Afraid the New Tax Law will Jack Up Car Prices? Maybe Not, If You're Buying the Really Expensive Models
When the Department of Finance first released its early proposals for comprehensive tax reforms earlier this year, many in the automotive industry were fearful the proposed excise taxes on motor vehicles may dampen demand for automobiles, especially luxury cars. The DOF proposals, which were largely adopted by the House of Representatives, imposed progressively heavier taxes on pricier cars compared to the cheaper models.
As it turned out, the industry’s fears were unfounded. The final version of the Tax Reform for Acceleration and Inclusion (TRAIN) law approved by the Senate and the House on December 13 isn’t as harsh as initially thought on the most expensive car models. It will still lead to higher prices, though, of both the low-priced and mid-priced car models.
Indeed, analysis by the Action on Economic Reforms (AER), an economic policy and advocacy group that supported the DOF’s tax reform proposals, shows that cars currently costing P2 million or more will probably see a possible cut in prices when the TRAIN law takes into effect. (See infographic) President Rodrigo Duterte is expected to sign the tax measure by December 19, allowing it to take effect by early January 2018.
For example, while the best-selling Toyota Vios 1.3, which currently sells for around P599,000, will see a P10,734 increase because of the tax measure, the Ford Mustang 2.3 EcoBoost Premium, which presently costs P2.5 million, will possibly see a cut of P82,253. Meanwhile, a medium-priced vehicle such as the Isuzu Crosswind XS, currently selling for P800,000, will likely be subjected to a P49,280 price rise.
“The final TRAIN version will effectively lower the prices of vehicles classified in the highest tier of models, in comparison to the current rates. This is because the marginal tax rates for the highest tier, which is 60 percent in the NIRC (National Internal Revenue Code), will be lowered to just 50 percent under TRAIN,” said Adolfo Jose Montessa, an analyst at the AER. “This is a significantly lower rate than what was originally proposed by the Department of Finance – 120 percent and even than the original Senate Committee report before amendments were heard during the plenary – 100 percent.”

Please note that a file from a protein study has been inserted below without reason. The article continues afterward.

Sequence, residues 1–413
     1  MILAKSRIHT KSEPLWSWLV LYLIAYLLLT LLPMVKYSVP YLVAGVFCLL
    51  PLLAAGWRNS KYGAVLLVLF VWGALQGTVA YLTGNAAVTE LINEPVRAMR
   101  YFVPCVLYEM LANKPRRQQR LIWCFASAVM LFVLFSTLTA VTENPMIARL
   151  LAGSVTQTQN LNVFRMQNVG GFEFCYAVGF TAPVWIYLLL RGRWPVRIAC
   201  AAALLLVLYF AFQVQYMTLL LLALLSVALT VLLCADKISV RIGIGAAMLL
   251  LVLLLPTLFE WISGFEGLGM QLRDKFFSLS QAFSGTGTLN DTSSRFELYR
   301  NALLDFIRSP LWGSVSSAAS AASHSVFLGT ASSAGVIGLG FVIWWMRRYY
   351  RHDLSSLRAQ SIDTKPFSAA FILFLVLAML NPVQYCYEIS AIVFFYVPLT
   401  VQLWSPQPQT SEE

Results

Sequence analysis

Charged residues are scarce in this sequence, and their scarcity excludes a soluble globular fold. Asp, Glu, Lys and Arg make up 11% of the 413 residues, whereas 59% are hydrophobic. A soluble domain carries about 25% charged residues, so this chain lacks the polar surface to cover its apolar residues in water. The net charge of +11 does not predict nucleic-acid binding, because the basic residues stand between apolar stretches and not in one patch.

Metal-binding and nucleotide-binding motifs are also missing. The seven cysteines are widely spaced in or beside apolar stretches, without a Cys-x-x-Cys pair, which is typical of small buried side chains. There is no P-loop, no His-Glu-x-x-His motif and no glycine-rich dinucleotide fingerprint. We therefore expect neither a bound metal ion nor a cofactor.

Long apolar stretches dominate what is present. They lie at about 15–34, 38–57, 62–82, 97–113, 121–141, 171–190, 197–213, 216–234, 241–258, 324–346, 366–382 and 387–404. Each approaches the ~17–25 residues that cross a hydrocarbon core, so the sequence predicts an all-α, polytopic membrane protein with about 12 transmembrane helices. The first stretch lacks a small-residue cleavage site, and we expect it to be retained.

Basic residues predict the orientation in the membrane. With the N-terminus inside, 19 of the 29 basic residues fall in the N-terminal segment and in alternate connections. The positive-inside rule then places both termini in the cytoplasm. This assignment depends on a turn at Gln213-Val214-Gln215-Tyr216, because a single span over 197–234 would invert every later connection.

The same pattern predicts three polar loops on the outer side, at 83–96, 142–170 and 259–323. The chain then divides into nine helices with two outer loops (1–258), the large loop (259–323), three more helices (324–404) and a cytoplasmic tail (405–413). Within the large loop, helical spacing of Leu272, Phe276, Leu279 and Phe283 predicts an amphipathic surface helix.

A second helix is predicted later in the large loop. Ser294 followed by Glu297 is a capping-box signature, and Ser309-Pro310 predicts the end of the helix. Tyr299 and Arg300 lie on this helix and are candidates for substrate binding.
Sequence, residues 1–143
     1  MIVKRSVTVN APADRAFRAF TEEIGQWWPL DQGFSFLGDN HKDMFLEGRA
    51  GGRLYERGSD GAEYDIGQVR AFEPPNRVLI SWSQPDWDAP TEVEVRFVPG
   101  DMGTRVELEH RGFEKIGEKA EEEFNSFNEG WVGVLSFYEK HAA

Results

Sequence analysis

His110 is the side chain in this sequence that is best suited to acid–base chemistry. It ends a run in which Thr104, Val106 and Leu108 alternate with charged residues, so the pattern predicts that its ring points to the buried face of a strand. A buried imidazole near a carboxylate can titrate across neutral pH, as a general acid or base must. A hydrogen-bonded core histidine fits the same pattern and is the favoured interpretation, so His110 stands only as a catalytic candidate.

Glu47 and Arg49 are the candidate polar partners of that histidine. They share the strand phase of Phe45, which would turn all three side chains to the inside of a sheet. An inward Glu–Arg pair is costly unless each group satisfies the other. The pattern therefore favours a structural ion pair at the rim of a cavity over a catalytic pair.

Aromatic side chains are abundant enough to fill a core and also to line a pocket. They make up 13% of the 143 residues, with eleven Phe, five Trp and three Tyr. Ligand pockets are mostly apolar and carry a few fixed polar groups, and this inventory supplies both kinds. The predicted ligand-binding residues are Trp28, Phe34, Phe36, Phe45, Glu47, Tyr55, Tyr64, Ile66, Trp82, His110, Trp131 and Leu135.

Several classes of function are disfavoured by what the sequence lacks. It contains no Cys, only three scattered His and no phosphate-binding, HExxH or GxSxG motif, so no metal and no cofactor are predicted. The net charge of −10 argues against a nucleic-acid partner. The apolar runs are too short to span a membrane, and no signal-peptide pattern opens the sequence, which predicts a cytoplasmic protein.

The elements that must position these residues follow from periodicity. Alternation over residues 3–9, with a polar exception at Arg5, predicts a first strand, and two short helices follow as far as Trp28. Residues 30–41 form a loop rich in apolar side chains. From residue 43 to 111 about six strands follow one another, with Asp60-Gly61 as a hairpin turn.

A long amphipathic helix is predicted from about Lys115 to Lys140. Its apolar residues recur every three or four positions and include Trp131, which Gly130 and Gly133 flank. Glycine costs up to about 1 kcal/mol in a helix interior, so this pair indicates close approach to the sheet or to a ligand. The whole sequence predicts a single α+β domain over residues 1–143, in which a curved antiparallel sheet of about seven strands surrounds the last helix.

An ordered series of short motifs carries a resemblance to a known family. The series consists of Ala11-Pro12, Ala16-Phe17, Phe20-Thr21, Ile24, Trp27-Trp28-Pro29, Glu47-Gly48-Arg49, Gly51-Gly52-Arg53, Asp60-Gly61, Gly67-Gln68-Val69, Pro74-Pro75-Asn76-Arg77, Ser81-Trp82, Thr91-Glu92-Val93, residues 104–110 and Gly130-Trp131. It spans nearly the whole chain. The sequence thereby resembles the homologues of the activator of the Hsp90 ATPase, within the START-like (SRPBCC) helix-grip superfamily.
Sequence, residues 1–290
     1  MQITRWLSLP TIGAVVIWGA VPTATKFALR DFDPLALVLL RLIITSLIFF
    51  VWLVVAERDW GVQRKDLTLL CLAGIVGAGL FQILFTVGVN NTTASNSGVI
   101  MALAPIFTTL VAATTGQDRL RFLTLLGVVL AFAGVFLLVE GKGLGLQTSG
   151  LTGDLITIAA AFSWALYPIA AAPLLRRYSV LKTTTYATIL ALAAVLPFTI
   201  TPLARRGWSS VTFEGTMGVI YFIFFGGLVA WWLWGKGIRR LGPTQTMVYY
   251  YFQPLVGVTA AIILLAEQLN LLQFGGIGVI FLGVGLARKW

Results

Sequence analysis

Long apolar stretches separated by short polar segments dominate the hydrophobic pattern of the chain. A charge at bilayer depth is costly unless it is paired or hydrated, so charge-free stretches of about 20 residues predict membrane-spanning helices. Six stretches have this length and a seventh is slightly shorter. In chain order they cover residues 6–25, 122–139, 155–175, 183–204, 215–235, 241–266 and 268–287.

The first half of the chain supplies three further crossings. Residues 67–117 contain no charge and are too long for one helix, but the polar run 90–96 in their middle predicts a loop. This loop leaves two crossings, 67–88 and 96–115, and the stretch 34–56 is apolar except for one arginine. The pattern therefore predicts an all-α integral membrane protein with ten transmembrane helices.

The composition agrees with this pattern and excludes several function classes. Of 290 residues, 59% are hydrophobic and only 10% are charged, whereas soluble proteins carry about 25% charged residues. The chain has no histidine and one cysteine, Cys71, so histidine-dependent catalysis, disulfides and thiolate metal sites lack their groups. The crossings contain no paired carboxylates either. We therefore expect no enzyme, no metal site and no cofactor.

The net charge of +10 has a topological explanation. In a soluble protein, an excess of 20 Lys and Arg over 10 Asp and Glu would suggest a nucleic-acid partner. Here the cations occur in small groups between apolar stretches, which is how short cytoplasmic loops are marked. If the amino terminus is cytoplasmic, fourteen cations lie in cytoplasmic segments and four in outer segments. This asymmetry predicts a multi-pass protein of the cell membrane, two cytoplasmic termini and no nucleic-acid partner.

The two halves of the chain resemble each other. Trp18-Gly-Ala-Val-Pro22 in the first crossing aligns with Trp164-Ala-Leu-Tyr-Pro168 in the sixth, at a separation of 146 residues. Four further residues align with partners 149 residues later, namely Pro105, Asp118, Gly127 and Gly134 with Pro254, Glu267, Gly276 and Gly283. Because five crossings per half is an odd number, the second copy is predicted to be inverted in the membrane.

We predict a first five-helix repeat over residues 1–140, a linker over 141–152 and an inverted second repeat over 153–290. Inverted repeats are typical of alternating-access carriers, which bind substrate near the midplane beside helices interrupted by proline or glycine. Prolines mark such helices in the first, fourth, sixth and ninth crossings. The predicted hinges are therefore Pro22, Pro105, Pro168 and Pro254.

Under the current tax regime, the most expensive cars (or those with a net manufacturer or importer’s price of P2.1 million and above) are subject to a tax of P512,000 plus 60 percent of the value in excess of P2.1 million. Under TRAIN, the costliest units (over P4 million) are taxed at only 50 percent.
The resulting tax structure leads to a rather odd result, according to AER. “The automobile excise taxes in the final version of TRAIN effectively provides a discount for luxury cars, while ironically raising the effective tax rates on lower end cars,” says Montessa.
*A previous version of this story included the Mitsubishi Strada 2.5 GLX 4x2 in the infographic. The Strada is a pick-up truck, which is not covered by the new tax schedule, along with electric and hybrid vehicles.
This story originally appeared on Entrepreneur.com.ph.
* Minor edits have been made by the Townandcountry.ph editors.